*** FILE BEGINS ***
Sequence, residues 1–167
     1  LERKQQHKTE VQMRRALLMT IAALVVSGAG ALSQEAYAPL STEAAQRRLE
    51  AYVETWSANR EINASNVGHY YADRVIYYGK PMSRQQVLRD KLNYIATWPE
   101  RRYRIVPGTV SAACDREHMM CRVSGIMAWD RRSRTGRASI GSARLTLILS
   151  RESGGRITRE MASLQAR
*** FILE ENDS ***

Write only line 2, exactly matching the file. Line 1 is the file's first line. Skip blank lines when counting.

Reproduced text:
     1  LERKQQHKTE VQMRRALLMT IAALVVSGAG ALSQEAYAPL STEAAQRRLE